Rooftop patios the latest bar battleground near Coors Field by the Ed Sealover at the Denver Business Journal Standing on the rooftop of the 6-month-old ViewHouse at the corner of 20th and Market streets, owner Francois Safieddine could almost see over the walls of Coors Field as the Colorado Rockies played this season.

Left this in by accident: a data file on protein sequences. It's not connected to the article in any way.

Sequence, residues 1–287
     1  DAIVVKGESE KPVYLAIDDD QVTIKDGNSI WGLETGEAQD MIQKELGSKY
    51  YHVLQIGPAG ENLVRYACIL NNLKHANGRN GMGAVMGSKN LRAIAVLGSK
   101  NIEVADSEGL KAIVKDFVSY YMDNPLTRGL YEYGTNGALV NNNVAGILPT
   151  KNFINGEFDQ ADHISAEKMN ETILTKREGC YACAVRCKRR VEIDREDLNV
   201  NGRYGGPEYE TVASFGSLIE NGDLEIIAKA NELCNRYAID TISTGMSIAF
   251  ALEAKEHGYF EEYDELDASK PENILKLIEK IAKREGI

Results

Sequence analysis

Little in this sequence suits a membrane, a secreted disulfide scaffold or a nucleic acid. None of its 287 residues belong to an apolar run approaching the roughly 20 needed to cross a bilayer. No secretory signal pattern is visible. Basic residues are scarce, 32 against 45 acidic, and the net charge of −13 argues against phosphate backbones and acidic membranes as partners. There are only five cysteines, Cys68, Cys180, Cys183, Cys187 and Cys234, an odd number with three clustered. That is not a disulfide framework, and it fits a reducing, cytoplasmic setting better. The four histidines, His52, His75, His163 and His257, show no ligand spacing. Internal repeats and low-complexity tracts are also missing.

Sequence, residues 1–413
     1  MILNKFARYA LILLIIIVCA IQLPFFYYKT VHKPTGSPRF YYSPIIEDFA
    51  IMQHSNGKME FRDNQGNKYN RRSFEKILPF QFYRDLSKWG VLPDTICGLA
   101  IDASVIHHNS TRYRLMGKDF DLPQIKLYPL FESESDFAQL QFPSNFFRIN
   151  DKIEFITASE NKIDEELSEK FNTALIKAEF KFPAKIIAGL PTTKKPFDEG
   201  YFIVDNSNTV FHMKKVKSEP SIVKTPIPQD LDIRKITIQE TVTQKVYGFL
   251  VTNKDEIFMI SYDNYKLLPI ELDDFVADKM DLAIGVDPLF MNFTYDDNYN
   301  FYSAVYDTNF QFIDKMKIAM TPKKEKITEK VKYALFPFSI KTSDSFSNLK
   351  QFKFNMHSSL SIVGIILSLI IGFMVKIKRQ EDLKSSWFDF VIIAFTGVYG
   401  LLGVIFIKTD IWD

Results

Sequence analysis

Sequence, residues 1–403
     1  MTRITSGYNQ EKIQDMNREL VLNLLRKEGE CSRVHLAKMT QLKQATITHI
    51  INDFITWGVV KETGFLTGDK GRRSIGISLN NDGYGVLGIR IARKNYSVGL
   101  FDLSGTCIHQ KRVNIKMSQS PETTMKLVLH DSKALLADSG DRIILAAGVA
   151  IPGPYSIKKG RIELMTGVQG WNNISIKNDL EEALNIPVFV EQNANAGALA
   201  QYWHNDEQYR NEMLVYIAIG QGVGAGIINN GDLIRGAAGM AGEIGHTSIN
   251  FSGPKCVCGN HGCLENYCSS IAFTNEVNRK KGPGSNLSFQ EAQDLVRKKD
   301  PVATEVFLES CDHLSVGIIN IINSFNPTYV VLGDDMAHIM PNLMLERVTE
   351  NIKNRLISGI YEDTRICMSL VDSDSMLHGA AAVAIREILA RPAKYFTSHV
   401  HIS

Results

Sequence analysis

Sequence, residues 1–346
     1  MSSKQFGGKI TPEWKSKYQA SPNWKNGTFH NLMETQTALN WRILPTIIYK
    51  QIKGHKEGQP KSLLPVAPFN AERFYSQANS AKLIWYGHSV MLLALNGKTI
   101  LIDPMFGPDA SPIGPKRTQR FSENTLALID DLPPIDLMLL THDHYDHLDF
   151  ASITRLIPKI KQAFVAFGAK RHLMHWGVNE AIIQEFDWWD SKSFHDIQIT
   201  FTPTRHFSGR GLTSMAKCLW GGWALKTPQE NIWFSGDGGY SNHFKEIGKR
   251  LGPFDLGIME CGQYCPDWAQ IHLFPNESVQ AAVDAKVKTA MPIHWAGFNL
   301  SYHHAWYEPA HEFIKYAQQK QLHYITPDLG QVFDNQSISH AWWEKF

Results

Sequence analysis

But turning just 90 degrees, Safieddine had a bird’s-eye view of a bigger battle — that of three bars, including his, that all sport expansive rooftop patios on three of the four corners of the intersection. Throughout the summer, ViewHouse (which opened in March), Lodo’s Bar and Grill (which opened in 1994) and the Tavern Downtown (which opened its roof in 2006) sought to attract patrons. They marketed, offered specials and bragged about their views. In the end, the new kids on the block exceeded expectations, the Tavern’s traffic was even with 2012 and Lodo’s reported that revenue declined by a “sizable amount.” “I truly believe that the market is going this direction,” Safieddine said. “People like to be casual, they like to be outdoors … In the near future, if you don’t have a rooftop as part of your operation, you’re going to struggle in the summer.” Safieddine is more known as one of Denver’s top nightclub operators, owning such hot spots as Chloe, 24K and Oak Tavern. He originally planned to use the former warehouse at 2015 Market St. as a corporate office. But as he looked out at Coors Field, he realized — as did Frank Schultz, CEO of Tavern Hospitality Group, and George Mannion, Lodo Restaurant Group managing partner with their establishments — that he was sitting on a gold mine. Safieddine and Brad Manske, managing partner of ViewHouse, expected to create competition with Lodo’s and Tavern Downtown for patrons. They also believed that by offering a more upscale menu than the other two rooftop competitors, Lodo’s and Tavern Downtown would feel comfortable about raising food prices rather than having to minimize profits in order to outsell each other. Schultz said bigger crowds came to the area this summer, though he didn’t know whether to attribute that to the presence of the ViewHouse or the good start to the Rockies season. He said Tavern Downtown had “a good year, but about the same as last year.” “I’m a big believer — and I’ve seen it in different locations that we’ve been in — the more that’s going on, the better,” said Schultz, whose Hospitality Tavern Group operates six other locations under the Tavern brand. “The more the merrier — as long as you have good operators.” Mannion, however, said that he lost business and disagreed with Schultz, saying the crowds were smaller. One reason he lost business is that his customers and potential visitors gravitated to the “newest and brightest” place, the ViewHouse. But he believes the bigger problem is the proliferation, in Lower Downtown and in surrounding neighborhoods, of new establishments getting liquor licenses and siphoning people away from existing hot spots. Mannion noted, for example, that many people take the light rail into downtown Denver, get dropped off by Union Station and walk through a swath of new bars before even getting to the Ballpark neighborhood, giving them less reason to make it up to the corner of 20th and Market streets. “The way Denver views it is they keep offering liquor licenses, and they’ll just get more tax money,” Mannion said. “Well, our tax revenue declined by a sizable amount because our volume isn’t what it once was.” The three establishments are looking at different ways to retain and grow their core crowds. Schultz said The Tavern relies on big crowds during baseball season to make up for the much quieter periods in the winter, especially on weekdays. In comparison, ViewHouse operators set out to find a different crowd. Before opening, they spent six months talking to area businesses and residents, trying to attract the work-lunch and Sunday brunch crowd that other Coors Field-area restaurants don’t have, Manske said. ViewHouse also added touches to its menu not found at some of its competitors, such as a variety of organic selections and items like short rib poutine. “Most of the restaurants in this area, their food production sounds like ‘Beep, beep, beep’ — the sound of the delivery truck backing into the parking lot,” executive chef Jose Guerrero said. “We’re trying to take time to really touch our product.” If such subtle comments — or Schultz noting that his establishment has dress codes banning neck tattoos or pants worn too low — sound like competition, so be it. But both Safieddine and Schultz are doing well enough that they’re already planning their next projects. Schultz owns land one block closer to the stadium at 20th and Blake streets, and he plans to develop that into another rooftop bar at some point. Meanwhile, Safieddine and Manske announced that, like The Tavern and Lodo’s, they will open another ViewHouse location in the south suburbs, taking over the former Trail Dust Steakhouse in Centennial, with plans to open by the start of the 2014 baseball season. Mannion, meanwhile, said he plans to “weather through” by offering good food and service in a location that he opened one year before Coors Field opened. “Everybody’s trying to take their slice of the pie. And the pie has only so many dollars, and it just keeps getting thinner and thinner.” he said.